Honest food—not from bags—entices New York diners

Honest food—not from bags—entices New York diners

One of the first things Josh Miles will tell you about his five-year-old restaurant in downtown Rochester, N.Y. is that the food is “honest.”

And by honest, he means nothing is harvested from a bag or a freezer. The seven varieties of oysters and other seafood on The Revelry’s menu is locally sourced and freshly harvested. And the food itself is inspired by Miles’ childhood connection to home-cooking in South Carolina’s ‘Lowcountry.’

Josh and Jenna Miles, center, with a few of their crew.

But while happy memories of red peas and corn, grits and ham, and an idealistic commitment to good ingredients may have inspired Josh and his wife Jenna Miles when they opened The Revelry in 2013, make no mistake, the husband-wife duo, who now own four thriving restaurants, has been described by a USA Today newspaper as their own best secret ingredient.

In this week’s Recipe for Success @ Boxerbrand, Miles shares his insights into food, location, and even labor costs as he and his wife blaze a trail in the restaurant industry.

Q: What is honest food?

Basically, it’s cooking from scratch — nothing we serve comes frozen in bags. Whether it’s the French fries or a fried oyster, everything is made from scratch that day.

Q: Please tell me more about the inspiration of the South Carolina Lowcountry?

I’m from Greenville, which is upstate, but I grew up enjoying Lowcountry food. The Lowcountry is this invisible line between South Carolina and Georgia, where we eat things like sea-island red peas, grits and ham, and where we have a heavy influence of seafood. We’re incorporating that into the Revelry and source a number of our menu items from the region.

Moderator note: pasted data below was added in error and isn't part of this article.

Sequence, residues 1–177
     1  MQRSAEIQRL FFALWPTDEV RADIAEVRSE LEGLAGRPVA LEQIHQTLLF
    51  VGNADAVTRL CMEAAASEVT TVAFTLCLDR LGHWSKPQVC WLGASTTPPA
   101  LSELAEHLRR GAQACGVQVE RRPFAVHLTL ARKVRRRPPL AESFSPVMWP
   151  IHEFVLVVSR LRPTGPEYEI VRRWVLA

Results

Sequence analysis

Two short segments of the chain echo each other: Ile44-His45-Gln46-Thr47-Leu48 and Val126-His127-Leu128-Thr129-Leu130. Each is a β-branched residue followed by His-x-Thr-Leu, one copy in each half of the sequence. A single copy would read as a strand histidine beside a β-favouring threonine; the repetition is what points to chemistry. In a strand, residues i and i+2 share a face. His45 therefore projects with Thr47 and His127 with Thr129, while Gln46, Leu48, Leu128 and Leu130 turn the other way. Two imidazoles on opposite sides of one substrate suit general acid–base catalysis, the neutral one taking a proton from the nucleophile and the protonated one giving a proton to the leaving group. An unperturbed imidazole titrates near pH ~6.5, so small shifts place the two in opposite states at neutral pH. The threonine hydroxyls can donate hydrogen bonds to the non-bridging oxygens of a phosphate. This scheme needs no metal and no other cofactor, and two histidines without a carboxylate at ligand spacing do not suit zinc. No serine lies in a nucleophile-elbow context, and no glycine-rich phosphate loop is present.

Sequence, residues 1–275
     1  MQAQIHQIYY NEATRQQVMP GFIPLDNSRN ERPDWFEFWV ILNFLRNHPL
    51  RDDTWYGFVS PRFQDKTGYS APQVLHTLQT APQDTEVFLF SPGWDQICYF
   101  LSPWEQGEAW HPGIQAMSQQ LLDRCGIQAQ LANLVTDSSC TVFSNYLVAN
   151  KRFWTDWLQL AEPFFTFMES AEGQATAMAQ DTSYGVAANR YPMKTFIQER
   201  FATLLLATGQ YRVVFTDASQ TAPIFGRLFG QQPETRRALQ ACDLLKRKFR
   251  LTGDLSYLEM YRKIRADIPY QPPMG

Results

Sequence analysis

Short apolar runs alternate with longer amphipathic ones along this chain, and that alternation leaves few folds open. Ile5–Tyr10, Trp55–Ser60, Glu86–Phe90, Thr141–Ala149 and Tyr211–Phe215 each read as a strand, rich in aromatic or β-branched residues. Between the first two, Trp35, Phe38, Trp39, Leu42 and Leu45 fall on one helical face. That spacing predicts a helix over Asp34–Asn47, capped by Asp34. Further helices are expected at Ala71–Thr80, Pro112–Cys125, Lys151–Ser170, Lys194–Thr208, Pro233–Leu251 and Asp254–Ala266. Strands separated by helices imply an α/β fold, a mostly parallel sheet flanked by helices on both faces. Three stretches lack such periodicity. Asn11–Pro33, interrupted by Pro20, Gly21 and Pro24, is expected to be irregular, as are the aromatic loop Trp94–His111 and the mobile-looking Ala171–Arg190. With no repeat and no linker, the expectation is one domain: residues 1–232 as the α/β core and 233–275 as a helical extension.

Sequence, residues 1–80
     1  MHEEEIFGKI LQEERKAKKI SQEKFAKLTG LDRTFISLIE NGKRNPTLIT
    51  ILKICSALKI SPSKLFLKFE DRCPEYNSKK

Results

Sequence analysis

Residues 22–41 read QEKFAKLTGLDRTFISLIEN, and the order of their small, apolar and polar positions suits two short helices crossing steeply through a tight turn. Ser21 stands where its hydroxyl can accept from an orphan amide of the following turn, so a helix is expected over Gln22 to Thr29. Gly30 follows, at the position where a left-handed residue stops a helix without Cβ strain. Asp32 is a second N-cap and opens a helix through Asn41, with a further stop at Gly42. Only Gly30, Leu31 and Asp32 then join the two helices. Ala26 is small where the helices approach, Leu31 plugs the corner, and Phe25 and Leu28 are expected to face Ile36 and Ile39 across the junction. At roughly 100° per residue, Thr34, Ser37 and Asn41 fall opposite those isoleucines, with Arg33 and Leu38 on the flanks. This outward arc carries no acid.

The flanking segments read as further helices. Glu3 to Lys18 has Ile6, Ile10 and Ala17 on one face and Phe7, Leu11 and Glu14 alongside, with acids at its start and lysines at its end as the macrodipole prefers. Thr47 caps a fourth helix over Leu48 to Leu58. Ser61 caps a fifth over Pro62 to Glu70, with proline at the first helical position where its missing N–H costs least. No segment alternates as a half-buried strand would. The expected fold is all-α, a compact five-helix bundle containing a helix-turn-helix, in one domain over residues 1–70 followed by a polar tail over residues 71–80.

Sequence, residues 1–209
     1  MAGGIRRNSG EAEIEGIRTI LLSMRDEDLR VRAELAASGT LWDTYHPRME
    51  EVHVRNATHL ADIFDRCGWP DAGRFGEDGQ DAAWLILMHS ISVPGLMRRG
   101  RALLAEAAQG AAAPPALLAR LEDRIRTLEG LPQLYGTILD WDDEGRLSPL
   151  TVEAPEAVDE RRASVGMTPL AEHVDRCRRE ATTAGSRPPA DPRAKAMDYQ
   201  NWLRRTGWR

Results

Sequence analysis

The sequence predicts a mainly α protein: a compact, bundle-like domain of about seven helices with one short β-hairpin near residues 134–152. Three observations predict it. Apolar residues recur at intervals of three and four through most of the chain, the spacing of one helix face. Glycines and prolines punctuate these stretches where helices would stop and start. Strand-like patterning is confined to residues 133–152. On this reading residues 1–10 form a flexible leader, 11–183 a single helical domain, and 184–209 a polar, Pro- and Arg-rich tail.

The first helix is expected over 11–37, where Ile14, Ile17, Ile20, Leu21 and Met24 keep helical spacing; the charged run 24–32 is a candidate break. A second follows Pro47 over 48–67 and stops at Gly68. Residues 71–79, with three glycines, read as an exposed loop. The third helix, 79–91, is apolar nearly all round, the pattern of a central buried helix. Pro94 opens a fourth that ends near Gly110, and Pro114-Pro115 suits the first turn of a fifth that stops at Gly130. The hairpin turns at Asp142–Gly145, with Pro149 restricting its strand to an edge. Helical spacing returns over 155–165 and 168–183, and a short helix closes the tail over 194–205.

Q: How did you choose Rochester, N.Y. for your venue?

We found this old saw-blade manufacturing building come up for lease. One of the best things about the space was that it had great visibility because 30,000 cars pass by it every day. It’s a 5,000-square foot building, which is very beautiful and rustic, with brick and glass. It was built in the 1890s and we thought it was a perfect pairing for our southern cuisine and the wide variety of historic cocktails we offer.

Q: Was it a tough sell to the community?

When we came to Rochester in 2013, the dining landscape was changing. It was a great time to come in because there wasn’t a level of restaurant saturation in the area, and people were getting more interested in going out to have good food and drink.

Q: What’s your biggest challenge?

The biggest thing is finding the right people. There’s a pretty big void in culinary workers out there across the US, so finding and retaining great culinary talent is our biggest challenge. Also, labor policies that raised up tip minimums from $5 to $7.50 drove up our labor costs and forced us to work harder to recoup that cost. This forced us to look at every aspect of running our restaurant to find savings, and to raise our prices.

Q: You’re also creatively managing spoilage costs.

Yes! We manage that as much as we can. One example is with the red snapper. We’ll take the trimmings from the fish, and rather than throw them away, we’ll make a red ceviche.

Q: What advice do you have for someone hoping to start their own restaurant?

People often get into the restaurant business without taking enough time to talk to other people who are already doing it. My advice would be to talk to restauranteurs before they get into it. Because people need to take the time to do their due diligence if they want to have a solvent restaurant. — The Revelry uses Boxerbrand’s stitched café line for its menu cover presentation. Thank you!


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